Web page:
How N&K CPAs relies on pleased, productive employees to weather the busy tax season
Alton Miyashiro, Vicki Shinsato and Dennis Higashiguchi have
As tax time rolls around each year, certified public accountants shift into overdrive. It’s a stressful season, so to help their employees cope, N&K CPAs brings in a massage therapist, provides meals and even holds a fun Stress Release Day.
Executives said these perks help N&K attract and retain good employees. In Hawaii’s Best Places to Work survey, it finished fourth highest among medium-size companies (those with 50 to 149 employees), thanks in part to its high employee response and satisfaction rate. The company says it also provides an exceptional level of training, services and benefits to keep workers happy and productive.
“In terms of the auditing and accounting practice, most firms do it the same way,” said managing principal Alton Miyashiro. “But, it’s the people behind the process that make the difference. We’ve invested a lot of time and money in cultivating the people part of our practice. We feel that our people are technically competent, they’re very customer-service oriented, and those are the things that set us apart from most of the other accounting firms.”
Tax season is a hectic time, Miyashiro said, and that’s when the company goes the extra mile, bringing in a masseuse, having a dry cleaner pick up from and deliver clothes to the office, bringing in meals and offering other benefits.
“In the middle of tax season, we have what we call Stress Release Day, when we close the office down in the afternoon, despite how busy we may be, and we bring in food and have games where people can just hang out and have fun,” he said. “In the past, we’ve had a casino-themed event where people play games to earn fake money that they can redeem later for prizes.”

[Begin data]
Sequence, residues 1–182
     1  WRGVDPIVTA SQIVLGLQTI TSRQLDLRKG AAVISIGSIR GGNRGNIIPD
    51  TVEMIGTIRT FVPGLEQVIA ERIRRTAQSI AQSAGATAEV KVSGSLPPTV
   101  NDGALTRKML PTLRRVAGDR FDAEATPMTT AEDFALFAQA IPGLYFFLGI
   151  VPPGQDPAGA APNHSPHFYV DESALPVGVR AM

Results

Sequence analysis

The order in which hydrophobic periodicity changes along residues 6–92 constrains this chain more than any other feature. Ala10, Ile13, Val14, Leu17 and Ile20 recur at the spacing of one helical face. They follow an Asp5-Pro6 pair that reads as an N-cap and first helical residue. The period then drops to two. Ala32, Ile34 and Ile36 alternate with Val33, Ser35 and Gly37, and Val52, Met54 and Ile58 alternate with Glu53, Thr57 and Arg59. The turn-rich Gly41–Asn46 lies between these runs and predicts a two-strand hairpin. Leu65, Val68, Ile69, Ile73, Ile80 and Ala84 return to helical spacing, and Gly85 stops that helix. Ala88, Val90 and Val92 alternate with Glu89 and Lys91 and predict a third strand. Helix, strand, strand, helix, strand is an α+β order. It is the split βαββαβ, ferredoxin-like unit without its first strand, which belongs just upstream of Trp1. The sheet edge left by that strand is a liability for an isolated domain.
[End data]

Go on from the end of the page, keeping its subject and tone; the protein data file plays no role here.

Employees appreciate the break, so the company plans to continue the special day, he said.
Employees also love the massages, said firm administrator Vicki Shinsato. “Whenever we do surveys, that brings in the highest positive response. We’ve had very positive comments about all of our activities,” she said.
The recession has helped generate more job inquiries than usual at the firm. “In the past, that’s always been a problem, finding good talent out there,” Miyashiro said. “Even before the economy went south, we were very fortunate that our investment in our people and our culture started to pay off. There was a lot more interest, especially from the younger folks, to come and join us.”
The company is in a business where demand for services remains relatively constant, even in a recession.
“The profession is very fortunate because the government requires people to file tax returns, and the financial institutions require businesses to have financial statements done for credit purposes,” Miyashiro said. “That work has remained fairly steady. It’s the special work, like tax and estate planning, that we’ll probably see a drop in demand for. But, that’s not a very large part of our practice.”
“We do see clients telling us that we have to drop our fees, or they want to go from an audit to a less-costly review, which we look at as positive because they’re looking at the bottom line and they’re taking steps to reduce their overhead. Likewise, within our organization, we’ve looked at our expenses and made adjustments accordingly.”
Employees had some concerns about the economy, he said, but they were reassured that overall the firm was fine. “We’ll weather the storm. They shouldn’t have to worry about their jobs or anything. In our 36 years of business, we’ve never had to lay off anybody because of the slowness in our business, so we’ve been very fortunate. We try to get creative to keep everybody employed as opposed to letting people go.”
Manager of consulting services Dennis Higashiguchi said the company uses the Best Places to Work survey to maintain and improve employee satisfaction. “It keeps us in tune with what people’s needs are as they change over time.
“Now that we’ve been part of [Best Places to Work] for four years now, it’s given us a good tract of data that can tell us how we’re doing when we try to improve, and where else we need to go to improve.”
One of the company’s tools is N&K Academy: educational programs on everything from accounting practices to customer service, mentoring and coaching, and even etiquette for both professional and personal life.
“We’ve tried to maintain a situation where we retain the people that work here, and as a result of that, the younger folks have stayed and gotten a lot smarter, and the firm’s gotten smarter,” Higashiguchi said. “We’re now in a position where we’re trying to take learning to a whole new level, both in terms of what we teach, and how.”
Who They Are
N&K CPAs, which opened in 1973, has 62 employees and two major divisions — tax preparation and auditing services. The company also offers management consulting, which informs other companies about tools for coaching, planning, training, leadership and mentoring.
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